“Hello, thank you for calling the technical support line of (Insert company name here). If you have reached this recording, it means you are calling outside of our regular business hours or all of our support staff are helping other customers. At the tone, please leave your name, company name, phone number including area code, your account number; service tag number; make and model of your product, a brief description of your problem, and a member of our support staff will return your call as soon as possible…”
If I had a dollar for every time I have heard something like this recording, I might be able to buy a private island and retire. Not much is more frustrating than having a major problem with a piece of equipment and reaching a recording.
At Kegel however, we do our best to get you to a person by providing emergency tech support 24 hours per day, 7 days a week. With a response time of 30 minutes or less, you can be certain you will have help with your lane maintenance needs.
No matter how old a customer's machine is or what their problem might be, Kegel Tech Support is free for our customers, and we don’t plan on making changes to this policy any time soon. But to ensure we can support you in the most accurate and timely manner, there are some things we may need to ask you.
The information we will ask at the beginning of a tech call are:
- Confirmation of the center’s physical address along with updated points of contact, phone numbers, and e-mails.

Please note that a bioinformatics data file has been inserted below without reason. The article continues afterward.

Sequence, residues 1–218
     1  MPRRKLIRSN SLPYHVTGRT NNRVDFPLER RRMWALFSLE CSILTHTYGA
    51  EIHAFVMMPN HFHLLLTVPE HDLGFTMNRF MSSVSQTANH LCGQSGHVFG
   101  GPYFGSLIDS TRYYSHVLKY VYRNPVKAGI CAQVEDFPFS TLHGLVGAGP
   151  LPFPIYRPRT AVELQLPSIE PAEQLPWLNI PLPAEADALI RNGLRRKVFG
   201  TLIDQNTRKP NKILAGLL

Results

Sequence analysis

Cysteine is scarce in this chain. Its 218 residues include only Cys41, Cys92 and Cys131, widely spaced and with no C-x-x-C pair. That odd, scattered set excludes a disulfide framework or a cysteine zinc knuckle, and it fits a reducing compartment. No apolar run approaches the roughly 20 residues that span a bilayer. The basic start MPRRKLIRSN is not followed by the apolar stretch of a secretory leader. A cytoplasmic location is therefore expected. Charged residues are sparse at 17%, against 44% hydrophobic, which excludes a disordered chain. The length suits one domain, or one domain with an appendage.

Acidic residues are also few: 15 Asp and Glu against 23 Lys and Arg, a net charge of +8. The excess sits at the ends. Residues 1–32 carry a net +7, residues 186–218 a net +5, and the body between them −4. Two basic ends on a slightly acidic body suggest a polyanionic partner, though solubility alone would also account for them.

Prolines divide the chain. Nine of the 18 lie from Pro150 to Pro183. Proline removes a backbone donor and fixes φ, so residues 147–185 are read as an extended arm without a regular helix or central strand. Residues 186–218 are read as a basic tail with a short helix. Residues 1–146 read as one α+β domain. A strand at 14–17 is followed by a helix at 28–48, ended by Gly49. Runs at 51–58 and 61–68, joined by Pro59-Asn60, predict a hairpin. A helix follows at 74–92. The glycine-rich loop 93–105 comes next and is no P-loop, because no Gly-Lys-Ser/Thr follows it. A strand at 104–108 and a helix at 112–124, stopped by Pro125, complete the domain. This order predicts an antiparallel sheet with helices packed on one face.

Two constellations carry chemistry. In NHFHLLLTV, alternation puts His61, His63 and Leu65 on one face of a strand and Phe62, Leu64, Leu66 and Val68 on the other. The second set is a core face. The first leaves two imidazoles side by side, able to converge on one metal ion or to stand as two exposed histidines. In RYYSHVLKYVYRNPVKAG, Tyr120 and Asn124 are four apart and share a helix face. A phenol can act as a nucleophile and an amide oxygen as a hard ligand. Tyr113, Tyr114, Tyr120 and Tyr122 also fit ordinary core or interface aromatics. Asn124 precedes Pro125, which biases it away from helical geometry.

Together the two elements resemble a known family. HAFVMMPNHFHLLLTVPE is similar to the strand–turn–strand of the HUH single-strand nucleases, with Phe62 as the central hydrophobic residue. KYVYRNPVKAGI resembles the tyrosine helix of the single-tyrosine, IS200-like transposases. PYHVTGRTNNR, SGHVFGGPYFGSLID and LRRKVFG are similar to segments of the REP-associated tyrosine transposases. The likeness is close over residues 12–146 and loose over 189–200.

- Lane machine information: type of lane machine, serial number (can be found on the bottom plate), and the version of the PLC thoughtware. This information can let us know what pattern or upgrade possibilities are available for any specific lane machine.
- Lane information: wood or synthetics, and if synthetics, what type, plus the age of your lane surface.
- Lane chemicals and supplies currently being used: lane conditioner, cleaner, and cleaning cloth.
If you can have this information available before you call tech support, it will help expedite your call, fix your problem quicker, and we greatly appreciate it.
Apart from lane machine tech calls, we get a lot of calls for oil pattern assistance, but telling us that your lanes are “squirrely” or “spotty” doesn’t tell us much – we need specifics in order to help you the best way possible.
- Do the backends seem to play tight or is there too much backend?
- Is there not enough hold area or not enough swing area?
- Is the pattern not holding up long enough, and if so, where are the lanes breaking down the quickest? For example; specifically from boards 8-12 from 25-35 feet.
Once you know that information and you call us, make sure you have the following:
- What are the pattern numbers in the lane machine? Do you have a KOSI program sheet of your pattern you can quickly e-mail?
- What kind of lane surface do you have? If synthetic, what brand, how old, and are the on top of old wood lanes or not? If wood, when was the last cut and re-coat?
- What kind of oil transfer system is in your lane machine – transfer roller, wiper bar, dual transfer brush, or the newest Duo System? Each oil transfer system has its own unique characteristic and oil patterns must be built to complement the system.
- If not shown on the program sheet, what is the oil pump set at – 40, 45, or 50 mics?
- How many games per lane are you trying to get out of the pattern? Fifteen games per lane (one shift of league play) or more than that?
- What kind of oil and cleaner, and what is the dilution ratio of the cleaner?
From this point, the Kegel tech can begin to tweak your oil pattern, or figure out what else might be causing your problems.
what if you have to call another company for support?
While many of the following tips for tech support do not apply to Kegel, they do give advice for tech support calls to companies who might not have a fully staffed tech department on hand.